Google, Facebook, Me and ITV

I’ve held off writing about the Facebook/Cambridge Analytica issue, because a lot of very good journalists have been covering it excellently.

But when ITV Tonight asked to film our mobile phone interception stage show for a documentary on the subject, it seemed a good chance to take stock of the story so far.

Working with ethical hacker Glenn Wilkinson, we brought an audience of people face to face with their online data:

STUNT

The demo was actually pretty straightforward: we simply showed what advertisers see when they use Facebook and Google. But for many of the audience members, it was a through-the-looking-glass moment.

Suddenly, the cheery, useful web companies they interact with every day were revealed for what they actually are: cynical advertising machines that package up users and sell them to marketing companies.

We exposed how quickly “anonymous” data could be de-anonymised; we revealed how Google’s suggestions can help advertisers target young mums of special needs children who are desperate for money; we showed how much information you give away simply by clicking the “like” button.

But for me, the most memorable moment was when we brought up the difference between the “life events” Facebook shows its users, and “life events” Facebook shows to advertisers.

Here are the “life events” Facebook shows me, as a user:

life events

Nice stuff, eh? New jobs, birthdays, etc. But if you’re an advertiser on Facebook, things look a bit different. Here are the top “life events” Facebook suggests advertisers target:

life events ads

“Are you lonely? Worried? Afraid? Hey, then buy this product, maybe it’ll help!” For me, this is when the mask truly slipped, and I suspect many of our audience felt the same. (Conspicuously, when Glenn looked at their Facebook profiles the next day, almost all of them had significantly upped their privacy settings).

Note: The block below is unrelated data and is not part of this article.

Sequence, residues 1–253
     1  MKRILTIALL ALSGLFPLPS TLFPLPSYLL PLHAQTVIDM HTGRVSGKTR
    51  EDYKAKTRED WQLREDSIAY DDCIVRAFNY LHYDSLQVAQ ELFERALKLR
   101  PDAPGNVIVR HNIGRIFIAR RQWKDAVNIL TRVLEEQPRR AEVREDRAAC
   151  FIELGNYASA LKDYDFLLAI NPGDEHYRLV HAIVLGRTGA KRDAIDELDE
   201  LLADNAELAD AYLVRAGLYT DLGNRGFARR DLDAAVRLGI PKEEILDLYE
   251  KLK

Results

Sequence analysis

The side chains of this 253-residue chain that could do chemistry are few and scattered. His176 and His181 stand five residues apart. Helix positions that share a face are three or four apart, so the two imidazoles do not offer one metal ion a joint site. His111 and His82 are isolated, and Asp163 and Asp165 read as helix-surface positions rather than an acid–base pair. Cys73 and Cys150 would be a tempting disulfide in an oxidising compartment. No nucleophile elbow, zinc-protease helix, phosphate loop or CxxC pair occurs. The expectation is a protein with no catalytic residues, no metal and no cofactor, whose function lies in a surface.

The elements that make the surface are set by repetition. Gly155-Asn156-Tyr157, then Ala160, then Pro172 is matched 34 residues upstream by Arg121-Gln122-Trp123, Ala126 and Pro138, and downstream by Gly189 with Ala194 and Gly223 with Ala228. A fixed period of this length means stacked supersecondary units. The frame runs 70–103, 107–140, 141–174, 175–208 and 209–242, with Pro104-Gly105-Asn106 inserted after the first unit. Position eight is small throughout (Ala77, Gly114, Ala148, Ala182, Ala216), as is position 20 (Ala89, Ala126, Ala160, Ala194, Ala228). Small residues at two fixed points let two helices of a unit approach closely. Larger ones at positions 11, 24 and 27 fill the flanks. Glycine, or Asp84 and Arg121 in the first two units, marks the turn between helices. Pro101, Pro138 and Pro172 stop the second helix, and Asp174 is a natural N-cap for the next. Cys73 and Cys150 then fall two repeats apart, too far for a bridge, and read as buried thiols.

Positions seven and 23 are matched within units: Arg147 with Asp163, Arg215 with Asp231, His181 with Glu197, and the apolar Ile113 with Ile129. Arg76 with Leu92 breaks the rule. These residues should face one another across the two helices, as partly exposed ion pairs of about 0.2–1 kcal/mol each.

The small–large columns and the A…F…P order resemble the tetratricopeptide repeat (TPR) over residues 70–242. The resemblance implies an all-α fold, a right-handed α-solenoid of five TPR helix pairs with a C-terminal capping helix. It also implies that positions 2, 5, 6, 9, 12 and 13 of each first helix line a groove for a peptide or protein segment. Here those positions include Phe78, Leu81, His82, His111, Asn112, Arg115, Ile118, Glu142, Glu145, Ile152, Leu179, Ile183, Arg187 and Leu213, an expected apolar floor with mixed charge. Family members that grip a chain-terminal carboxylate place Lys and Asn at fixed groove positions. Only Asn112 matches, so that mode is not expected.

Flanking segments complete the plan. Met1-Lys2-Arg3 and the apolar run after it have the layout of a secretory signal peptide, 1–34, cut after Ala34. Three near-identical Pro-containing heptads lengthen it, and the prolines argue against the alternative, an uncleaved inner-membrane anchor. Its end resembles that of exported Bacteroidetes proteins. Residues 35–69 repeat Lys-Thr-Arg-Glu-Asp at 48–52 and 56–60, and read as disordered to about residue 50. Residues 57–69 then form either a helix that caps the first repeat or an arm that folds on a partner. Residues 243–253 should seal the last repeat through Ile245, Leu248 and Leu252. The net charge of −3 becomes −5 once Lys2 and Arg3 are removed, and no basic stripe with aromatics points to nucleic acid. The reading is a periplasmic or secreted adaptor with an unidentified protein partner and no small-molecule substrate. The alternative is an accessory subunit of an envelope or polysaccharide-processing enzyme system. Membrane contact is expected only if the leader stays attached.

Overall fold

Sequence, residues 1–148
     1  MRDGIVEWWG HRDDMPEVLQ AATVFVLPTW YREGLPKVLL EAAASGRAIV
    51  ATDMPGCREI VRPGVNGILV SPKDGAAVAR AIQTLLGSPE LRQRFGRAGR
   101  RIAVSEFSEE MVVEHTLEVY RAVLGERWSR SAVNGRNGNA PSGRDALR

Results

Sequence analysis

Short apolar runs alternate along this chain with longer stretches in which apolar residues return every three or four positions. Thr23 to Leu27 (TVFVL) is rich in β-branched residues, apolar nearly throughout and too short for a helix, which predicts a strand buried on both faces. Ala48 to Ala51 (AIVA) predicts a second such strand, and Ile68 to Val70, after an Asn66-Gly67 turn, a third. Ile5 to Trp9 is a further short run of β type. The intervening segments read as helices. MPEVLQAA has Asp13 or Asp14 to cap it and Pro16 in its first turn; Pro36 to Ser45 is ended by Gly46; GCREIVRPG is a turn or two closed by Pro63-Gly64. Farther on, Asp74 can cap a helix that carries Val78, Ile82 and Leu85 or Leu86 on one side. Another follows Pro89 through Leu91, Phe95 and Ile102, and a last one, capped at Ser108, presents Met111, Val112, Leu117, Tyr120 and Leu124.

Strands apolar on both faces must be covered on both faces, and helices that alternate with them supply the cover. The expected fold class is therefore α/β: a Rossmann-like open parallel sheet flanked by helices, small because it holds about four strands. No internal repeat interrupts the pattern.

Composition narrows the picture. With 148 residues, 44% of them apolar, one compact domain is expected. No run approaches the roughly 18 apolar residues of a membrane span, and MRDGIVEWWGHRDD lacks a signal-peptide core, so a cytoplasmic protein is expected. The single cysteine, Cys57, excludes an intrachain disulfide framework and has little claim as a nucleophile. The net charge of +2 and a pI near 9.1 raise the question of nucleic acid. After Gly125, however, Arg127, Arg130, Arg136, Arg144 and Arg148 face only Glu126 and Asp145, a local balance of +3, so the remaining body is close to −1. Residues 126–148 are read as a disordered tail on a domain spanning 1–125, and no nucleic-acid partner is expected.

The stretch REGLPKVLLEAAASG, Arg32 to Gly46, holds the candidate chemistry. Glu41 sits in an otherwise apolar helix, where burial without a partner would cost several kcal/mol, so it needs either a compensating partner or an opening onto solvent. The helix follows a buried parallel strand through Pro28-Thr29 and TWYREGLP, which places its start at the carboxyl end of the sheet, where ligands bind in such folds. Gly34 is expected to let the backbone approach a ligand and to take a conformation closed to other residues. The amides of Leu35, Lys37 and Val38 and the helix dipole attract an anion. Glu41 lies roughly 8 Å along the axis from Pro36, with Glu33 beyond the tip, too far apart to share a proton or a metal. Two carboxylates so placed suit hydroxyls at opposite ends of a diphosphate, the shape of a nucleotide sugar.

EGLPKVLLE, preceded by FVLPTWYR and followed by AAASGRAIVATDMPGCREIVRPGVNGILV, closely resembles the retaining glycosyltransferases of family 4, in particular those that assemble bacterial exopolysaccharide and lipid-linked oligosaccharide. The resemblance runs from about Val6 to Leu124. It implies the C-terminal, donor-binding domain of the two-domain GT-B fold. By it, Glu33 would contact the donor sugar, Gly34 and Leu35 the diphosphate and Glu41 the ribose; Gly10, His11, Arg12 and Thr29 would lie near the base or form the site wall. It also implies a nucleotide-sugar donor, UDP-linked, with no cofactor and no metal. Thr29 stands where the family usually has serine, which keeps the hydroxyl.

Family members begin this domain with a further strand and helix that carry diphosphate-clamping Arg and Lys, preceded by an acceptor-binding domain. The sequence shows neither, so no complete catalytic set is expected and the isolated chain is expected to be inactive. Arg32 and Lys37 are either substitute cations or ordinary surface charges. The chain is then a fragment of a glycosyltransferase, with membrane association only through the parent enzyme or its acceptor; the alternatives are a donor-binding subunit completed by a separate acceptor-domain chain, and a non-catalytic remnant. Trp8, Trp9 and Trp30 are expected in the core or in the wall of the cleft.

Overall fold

The programme airs Thu 3rd May, 7.30pm UK time. It’s inspired Glenn and I to construct a new presentation, The Secrets of Online Surveillance, which we’ll be putting in front of audiences soon.

Oh, and a final word on Cambridge Analytica: I’m interested in how many people were harmed, and how.

Around 300,000 people who carried out the personality quiz at the heart of the controversy were harmed when their data was shared with marketeers (something they almost certainly didn’t expect, as it was against Facebook’s terms and conditions).

Up to 87m people (the Facebook friends of those who used the personality quiz app) had their publicly-available Facebook data harvested (page likes, birthday and home town, etc). I guess the harm here is that they were then targeted by ads, including from the Republican Party, which perhaps affected the behaviour of floating voters. But if you’re worried that your publicly-available Facebook data is being used to influence your behaviour, then you should probably just not be on Facebook.

And if you’re worried by that, then you should be much more worried by something else instead: Facebook admitted in its US testimony that the publicly-available data of EVERYONE on Facebook has potentially been harvested, by the simple method of searching email addresses and phone numbers on Facebook and then copying the profile they match up to. That’s up to 2bn people.

Attempts to scrape publicly-available Facebook data go on all the time, not just by marketeers, but also by private security companies. Analysis of this data (and sometimes the actual data itself) is then routinely sold to people who want to use it to monitor and control your behaviour.

It’s useful that the Cambridge Analytica controversy has opened up this issue, but we’ve got a long way to go yet.

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